Disqus has become something of the gold standard for third-party commenting systems. It's not hard to see why: It's easy to set up, comes loaded with a good spate of management controls, has a broadly-implemented user base, and gives you ways to migrate your messages both in and out of the system. Major clients include CNN, Time, Engadget, and IGN. (Full disclosure: Computerworld and InfoWorld also use Disqus for their commenting system.)
Its biggest drawback is its price -- if you want to use anything other than the free, basic tier of service, Disqus can get expensive. That said, the core service has no explicit limits on how many comments can be supported or the rate of posting, so it should be a good place for most site admins to start.
The Disqus moderation panel appears either embedded in your WordPress administrative console or can be launched separately.
Setting up a Disqus account takes only a few steps. You register your site and a primary moderator, choose basic settings for how Disqus should behave with your server (such as whether English is the primary language for site prompts), and then install Disqus's comment system on your blog.
That last step is where most of the heavy lifting is, especially if you already have comments in your blog that you want to migrate to Disqus. Fortunately, Disqus provides tools to automate the import process. With WordPress, for example, Disqus offers a plugin that automates everything, including replacing the comments form and migrating existing comments. If you have a lot of comments, you don't need to worry about babysitting the import process; it happens silently in the background, and you're sent an email notification when the import is finished. The total time for import varies based on the number of comments and Disqus's own load; the site advises that imports can "take up to 24 hours to complete."
When people post comments to a Disqus-moderated site, they can use several common authentication systems: Google, Twitter, Facebook, Yahoo, OpenID, or Disqus itself. Site moderators can also allow anonymous comments. That's the default setting, so those who want to limit the discussion to verified users should change this. I had no trouble using my own OpenID server or any of my other account credentials to log in and post.
Individual comments can also be "liked," which adds to a user's reputation score. This is a simple three-tiered ranking system -- high, medium and low reputation -- that allows an at-a-glance assessment of a general user's behavior. High rep means many likes and a high degree of participation; low rep means many flagged or deleted comments.
Disqus's control panel lets you see comments across all your moderated blogs in a single dashboard, but you can also drill down and see comments on individual blogs if needed. Individual commenters or IP addresses can also be whitelisted or blacklisted, and a bevy of keyboard shortcuts make it easy to whip through a whole pile of pending comments.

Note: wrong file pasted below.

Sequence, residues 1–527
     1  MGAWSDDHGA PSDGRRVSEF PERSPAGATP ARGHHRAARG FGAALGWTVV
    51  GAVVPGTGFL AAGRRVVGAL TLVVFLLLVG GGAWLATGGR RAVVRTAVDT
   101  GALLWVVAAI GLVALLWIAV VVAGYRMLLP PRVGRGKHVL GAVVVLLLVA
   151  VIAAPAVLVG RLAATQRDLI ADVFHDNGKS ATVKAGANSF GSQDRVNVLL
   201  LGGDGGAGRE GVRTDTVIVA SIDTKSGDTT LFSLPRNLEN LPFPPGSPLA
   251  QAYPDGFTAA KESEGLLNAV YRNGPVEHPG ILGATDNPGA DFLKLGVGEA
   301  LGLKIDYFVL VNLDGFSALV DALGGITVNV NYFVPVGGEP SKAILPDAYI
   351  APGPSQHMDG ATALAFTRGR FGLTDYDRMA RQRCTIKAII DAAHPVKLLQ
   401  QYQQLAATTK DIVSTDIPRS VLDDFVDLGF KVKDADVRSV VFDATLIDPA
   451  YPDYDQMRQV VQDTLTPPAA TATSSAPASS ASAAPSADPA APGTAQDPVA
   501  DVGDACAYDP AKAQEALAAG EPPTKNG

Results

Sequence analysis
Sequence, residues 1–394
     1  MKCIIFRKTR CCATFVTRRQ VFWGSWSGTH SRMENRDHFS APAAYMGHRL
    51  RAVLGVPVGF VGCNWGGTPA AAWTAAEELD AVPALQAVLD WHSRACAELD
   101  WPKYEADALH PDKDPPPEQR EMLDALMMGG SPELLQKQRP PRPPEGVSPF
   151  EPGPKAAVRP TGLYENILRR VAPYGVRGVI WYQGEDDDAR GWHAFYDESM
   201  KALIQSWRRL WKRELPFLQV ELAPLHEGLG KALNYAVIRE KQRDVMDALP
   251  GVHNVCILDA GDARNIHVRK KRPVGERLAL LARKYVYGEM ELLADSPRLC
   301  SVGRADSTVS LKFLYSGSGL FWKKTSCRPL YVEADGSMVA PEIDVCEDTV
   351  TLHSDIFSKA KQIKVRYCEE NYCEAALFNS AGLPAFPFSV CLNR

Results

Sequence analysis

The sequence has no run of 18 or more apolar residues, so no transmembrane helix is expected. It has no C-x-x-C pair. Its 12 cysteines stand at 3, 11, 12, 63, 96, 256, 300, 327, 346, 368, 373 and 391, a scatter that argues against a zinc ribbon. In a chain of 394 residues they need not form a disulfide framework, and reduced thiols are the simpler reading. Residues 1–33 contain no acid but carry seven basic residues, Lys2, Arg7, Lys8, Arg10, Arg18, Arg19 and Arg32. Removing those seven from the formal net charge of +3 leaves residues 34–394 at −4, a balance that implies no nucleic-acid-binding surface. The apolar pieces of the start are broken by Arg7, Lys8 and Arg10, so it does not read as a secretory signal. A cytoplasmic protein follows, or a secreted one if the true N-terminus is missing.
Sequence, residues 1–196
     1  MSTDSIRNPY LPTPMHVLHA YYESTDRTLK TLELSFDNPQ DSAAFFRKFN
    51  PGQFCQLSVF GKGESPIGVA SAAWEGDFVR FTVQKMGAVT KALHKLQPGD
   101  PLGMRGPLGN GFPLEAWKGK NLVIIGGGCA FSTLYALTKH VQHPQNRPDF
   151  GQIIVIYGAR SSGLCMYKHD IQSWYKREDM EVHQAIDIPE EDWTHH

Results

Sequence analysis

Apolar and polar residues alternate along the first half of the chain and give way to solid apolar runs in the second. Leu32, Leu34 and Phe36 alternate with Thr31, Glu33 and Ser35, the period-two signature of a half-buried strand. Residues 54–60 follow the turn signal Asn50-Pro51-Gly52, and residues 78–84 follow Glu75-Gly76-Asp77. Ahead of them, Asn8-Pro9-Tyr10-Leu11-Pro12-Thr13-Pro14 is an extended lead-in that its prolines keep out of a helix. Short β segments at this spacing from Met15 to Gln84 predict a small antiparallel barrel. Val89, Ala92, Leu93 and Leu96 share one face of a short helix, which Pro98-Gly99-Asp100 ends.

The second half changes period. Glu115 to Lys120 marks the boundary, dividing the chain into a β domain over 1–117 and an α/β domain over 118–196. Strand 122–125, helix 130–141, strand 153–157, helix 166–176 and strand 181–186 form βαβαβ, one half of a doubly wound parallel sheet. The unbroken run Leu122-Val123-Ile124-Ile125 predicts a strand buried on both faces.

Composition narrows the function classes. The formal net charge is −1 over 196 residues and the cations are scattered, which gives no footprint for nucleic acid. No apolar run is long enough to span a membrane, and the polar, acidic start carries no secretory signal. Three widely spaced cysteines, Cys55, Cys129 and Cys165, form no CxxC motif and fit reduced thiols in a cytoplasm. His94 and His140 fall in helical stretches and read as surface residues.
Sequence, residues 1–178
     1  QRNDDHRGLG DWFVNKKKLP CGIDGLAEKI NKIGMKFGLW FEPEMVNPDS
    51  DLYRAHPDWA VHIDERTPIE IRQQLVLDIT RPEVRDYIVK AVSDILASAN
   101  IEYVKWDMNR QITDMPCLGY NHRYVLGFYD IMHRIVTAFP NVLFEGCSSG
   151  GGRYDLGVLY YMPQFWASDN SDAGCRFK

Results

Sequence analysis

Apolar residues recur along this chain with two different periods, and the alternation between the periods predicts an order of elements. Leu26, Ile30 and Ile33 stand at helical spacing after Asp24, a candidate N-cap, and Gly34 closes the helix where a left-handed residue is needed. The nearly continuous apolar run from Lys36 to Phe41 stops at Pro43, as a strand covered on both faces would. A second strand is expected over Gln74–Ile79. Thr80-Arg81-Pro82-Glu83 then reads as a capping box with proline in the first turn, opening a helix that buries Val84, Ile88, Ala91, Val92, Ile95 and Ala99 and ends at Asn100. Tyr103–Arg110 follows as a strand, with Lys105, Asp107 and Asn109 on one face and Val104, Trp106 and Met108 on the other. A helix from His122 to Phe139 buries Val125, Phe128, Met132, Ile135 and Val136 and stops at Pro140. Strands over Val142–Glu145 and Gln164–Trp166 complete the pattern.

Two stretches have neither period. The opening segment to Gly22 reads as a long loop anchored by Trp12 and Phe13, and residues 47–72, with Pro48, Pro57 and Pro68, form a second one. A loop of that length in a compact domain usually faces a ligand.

Disqus enhances comments from the reader's point of view as well as the moderator's. Discussions are automatically threaded, and if you receive email notification of a given post, you can reply to the email and have your reply added to the thread under whatever Disqus credentials are attached to that email address. It's a great timesaver, especially if you're replying via a mobile device with a small display.
Disqus doesn't hold your comments hostage. If you don't want to use the service any more, you can export comments from a given blog at any time. What's even nicer is how comments posted to Disqus are automatically echoed back into your blog's native comment system -- so if you disable Disqus, you don't need to export comments from Disqus and re-import them into your blog.
That said, if you do use the export function, it's nice to know no babysitting is needed there either. The export is done via a queue on the server side, and you're notified by email when the exported comments are ready to be downloaded. Comments are exported in a documented XML format, and there are various tools (such as a WordPress plugin to import comments from a Disqus XML file back into a website.
Disqus at a Glance
Price: Basic (free); Professional ($299/month) adds analytics, reporting, advanced theme control, and priority support; VIP ($999/month) adds unlimited forums and admins, dedicated servers, and uptime guarantees.
Pros: Easy setup and migration, natively supports a broad range of blogging services.
Cons: Import process can be slow on the free service tier
The basic version of Disqus' service is free, and its feature spread should be more than enough for most individual blogs or modest-traffic sites. After that, however, the costs go up. The professional version ($299 per month) adds analytics and reporting, advanced theme control, and priority support. The VIP service level ($999 per month) adds even more goodies, such as dedicated servers, uptime guarantees, and many other things high-traffic sites will appreciate -- and pay for.
Bottom line: It's hard to wrong with Disqus. The free version of the service isn't limited in any significant way, your comments can be moved in and out of the system as you see fit and if you use WordPress or another popular blog platform it's easy to set up and migrate to Disqus.
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